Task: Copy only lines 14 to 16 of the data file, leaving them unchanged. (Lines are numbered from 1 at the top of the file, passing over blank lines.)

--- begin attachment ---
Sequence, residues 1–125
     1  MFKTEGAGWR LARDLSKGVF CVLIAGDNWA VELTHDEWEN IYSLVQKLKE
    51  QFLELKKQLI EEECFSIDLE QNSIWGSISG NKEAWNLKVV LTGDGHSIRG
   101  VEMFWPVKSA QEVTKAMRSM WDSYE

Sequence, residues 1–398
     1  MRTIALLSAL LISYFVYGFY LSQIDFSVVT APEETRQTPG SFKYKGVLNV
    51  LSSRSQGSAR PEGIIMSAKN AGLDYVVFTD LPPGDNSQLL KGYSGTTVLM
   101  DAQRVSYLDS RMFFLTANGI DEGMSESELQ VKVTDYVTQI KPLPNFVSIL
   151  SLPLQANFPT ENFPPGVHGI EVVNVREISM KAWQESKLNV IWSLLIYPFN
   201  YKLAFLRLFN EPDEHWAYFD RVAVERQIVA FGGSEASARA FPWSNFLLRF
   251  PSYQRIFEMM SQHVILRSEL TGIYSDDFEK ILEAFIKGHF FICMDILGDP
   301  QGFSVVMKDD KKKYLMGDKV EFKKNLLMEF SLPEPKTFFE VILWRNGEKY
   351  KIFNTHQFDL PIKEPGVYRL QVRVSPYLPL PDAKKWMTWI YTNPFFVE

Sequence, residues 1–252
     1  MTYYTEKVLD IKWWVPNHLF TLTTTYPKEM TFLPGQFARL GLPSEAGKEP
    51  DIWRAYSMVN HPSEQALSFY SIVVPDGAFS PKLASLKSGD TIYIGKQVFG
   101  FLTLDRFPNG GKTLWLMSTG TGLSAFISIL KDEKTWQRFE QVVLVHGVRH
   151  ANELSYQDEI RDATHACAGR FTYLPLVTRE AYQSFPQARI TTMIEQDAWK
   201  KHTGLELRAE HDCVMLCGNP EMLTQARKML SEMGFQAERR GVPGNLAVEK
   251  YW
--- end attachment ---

Sequence, residues 1–252
     1  MTYYTEKVLD IKWWVPNHLF TLTTTYPKEM TFLPGQFARL GLPSEAGKEP
    51  DIWRAYSMVN HPSEQALSFY SIVVPDGAFS PKLASLKSGD TIYIGKQVFG